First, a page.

Jan 8, 2012
“Grab your Dutch Blitz and let’s play!” exclaimed Dr. Soto to me after we wrapped up another night of thoughtful debriefing and were still looking for more fun. It was a day full of play though and new experiences. We began the day early with a Mennonite Church Service across town under a larger tent with a roof of tarps and plastic chairs and wooden benches. The roads were dusty but the people were dressed in their best. Their’s was authentic praise and song lifted. We were received warmly and shared a song we’d learned in Creole and English. It was an honor to worship with our Haitian brothers and sisters. I even recognized the tune to some of the chorus songs we sang as ones I know from my church. I definitely felt at home with the people of this church. After church we were able to visit the school the church is building for the local children. Very near was the boys orphanage at the home of the pastor, Bishop Lesy Bertrand. We enjoyed the famous pumpkin soup or “Soup of Freedom” that is annually enjoyed in celebrate of the Haitian Independence. After lunch we talked and played with the children and the people of the orphanage. This orphanage had 12 boys. The second orphanage we visited held 92, quite a contrast seen back to back. These children at the Global Orphan Project were just as friendly, though these programs are run and funded in different ways. In all of these places we spent time in conversations with the people and fellow visitors. Sometimes for just a moment while we practiced our 3 key phrases encouraged by our guides and translator to say a proper hello and asking how they were and what their name was. They’ve certainly been right about connecting with people – Haiti is about relationships and a beautiful greeting opens the door to real communication. I’m finding that this is not true just of Haiti but of our group as well. We are a diverse group getting to know each other much better. Our own developing relationships as we work through differences in opinions and understandings mirror that which we see unfolding in Haiti. Our guides in Haiti have spoken of themselves as bridge builders and indeed their instructions are helping us understand Haiti as we understand ourselves better in this strange but ever beautiful place.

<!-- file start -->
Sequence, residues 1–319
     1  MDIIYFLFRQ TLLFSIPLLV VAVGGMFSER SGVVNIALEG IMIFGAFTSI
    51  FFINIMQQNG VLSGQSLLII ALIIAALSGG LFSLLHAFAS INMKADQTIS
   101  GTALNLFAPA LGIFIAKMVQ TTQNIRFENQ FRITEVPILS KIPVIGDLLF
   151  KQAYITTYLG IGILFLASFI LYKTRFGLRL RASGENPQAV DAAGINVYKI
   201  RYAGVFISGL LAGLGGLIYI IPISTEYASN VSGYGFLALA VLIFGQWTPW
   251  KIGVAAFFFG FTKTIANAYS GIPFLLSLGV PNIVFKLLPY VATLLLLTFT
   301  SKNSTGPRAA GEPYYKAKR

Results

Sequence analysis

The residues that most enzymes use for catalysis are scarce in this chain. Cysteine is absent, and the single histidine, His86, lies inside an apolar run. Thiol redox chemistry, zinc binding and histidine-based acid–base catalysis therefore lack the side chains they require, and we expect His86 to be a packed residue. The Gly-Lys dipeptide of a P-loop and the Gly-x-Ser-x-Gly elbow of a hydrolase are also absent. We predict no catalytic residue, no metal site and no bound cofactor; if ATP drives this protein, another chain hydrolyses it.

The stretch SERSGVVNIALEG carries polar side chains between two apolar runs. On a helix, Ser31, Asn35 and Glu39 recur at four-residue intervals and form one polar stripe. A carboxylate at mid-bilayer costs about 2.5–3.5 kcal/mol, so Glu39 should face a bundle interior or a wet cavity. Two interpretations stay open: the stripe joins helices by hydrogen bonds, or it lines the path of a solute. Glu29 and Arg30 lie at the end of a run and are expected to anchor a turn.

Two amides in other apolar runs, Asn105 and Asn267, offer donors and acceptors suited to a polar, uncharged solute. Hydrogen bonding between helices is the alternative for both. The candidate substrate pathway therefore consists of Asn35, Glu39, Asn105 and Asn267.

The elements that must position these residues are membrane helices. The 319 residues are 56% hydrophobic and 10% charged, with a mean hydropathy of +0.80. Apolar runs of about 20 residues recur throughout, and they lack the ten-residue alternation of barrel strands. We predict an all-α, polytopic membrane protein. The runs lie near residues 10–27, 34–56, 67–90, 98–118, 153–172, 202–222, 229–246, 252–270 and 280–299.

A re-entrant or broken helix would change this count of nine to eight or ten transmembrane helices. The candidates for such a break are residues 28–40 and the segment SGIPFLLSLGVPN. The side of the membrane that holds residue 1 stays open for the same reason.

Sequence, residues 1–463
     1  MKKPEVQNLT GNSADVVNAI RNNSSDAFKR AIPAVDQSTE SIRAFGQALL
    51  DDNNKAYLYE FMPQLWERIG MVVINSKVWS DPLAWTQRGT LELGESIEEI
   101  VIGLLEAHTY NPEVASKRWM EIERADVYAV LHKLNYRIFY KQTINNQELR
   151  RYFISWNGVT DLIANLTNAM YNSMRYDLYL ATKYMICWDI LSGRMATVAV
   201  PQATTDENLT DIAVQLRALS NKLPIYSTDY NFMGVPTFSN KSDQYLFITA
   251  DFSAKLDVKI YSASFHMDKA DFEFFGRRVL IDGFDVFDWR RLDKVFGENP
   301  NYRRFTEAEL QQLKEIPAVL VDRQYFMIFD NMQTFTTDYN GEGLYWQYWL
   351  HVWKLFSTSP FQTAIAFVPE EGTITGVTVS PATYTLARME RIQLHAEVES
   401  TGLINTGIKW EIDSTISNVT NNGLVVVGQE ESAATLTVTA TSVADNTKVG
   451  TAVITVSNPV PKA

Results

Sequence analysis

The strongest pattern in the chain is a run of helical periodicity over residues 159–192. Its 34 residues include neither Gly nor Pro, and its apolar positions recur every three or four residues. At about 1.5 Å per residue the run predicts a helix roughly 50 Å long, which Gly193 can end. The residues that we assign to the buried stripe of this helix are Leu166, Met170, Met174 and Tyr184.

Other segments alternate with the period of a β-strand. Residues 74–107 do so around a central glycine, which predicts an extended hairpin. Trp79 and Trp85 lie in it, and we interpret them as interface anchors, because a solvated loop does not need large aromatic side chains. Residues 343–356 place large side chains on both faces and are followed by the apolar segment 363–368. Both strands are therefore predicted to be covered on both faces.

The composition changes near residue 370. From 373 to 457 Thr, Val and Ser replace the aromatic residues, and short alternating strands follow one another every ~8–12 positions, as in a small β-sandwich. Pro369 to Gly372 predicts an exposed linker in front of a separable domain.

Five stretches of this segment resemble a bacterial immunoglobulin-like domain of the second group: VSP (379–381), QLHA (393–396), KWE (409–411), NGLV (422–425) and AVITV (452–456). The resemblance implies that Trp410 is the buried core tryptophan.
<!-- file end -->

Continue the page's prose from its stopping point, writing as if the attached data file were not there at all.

Jan 9, 2012
Today was a very exhausting day, we have been on the move from the time we woke up until late evening. However, it has been an extremely educational experience. We started the morning off meeting with a married couple from Mennonite Central Committee, Kurt and Wilda. We actually met with them last semester when they were in Lancaster. Today they led us into Cite Soleil, considered the most crime and gang infested area of the region. They took us the Pax Christie site in the area, whose ministry focuses on peace and social Justice. The program primary concentration is on troubled youth in gang infested areas. They are doing great and encouraging work with creating educational, agricultural, athletic and opportunities for disabled people. After leaving Cite Soleil we had a fabulous lunch at a Haitian Pizzeria. The food was good but there is nothing like an good old fashion American hamburger. Some us went to a gift shop and purchased some great gifts in downtown Port au Prince. The organization actually sells to 10,000 villages. We returned around 6:30 and had a delicious dinner of Haitian Lasagna, garlic bread, and fresh local produce. Around 7:30 we met in the conference room to meet with Pastor Jean Valerie who gave us an interesting perspective on Haitian Family, church, political and social theology from a Christian perspective. We had great dialog and was able to get question answer about our experience thus far from Haiti. Good night and we all send you are love.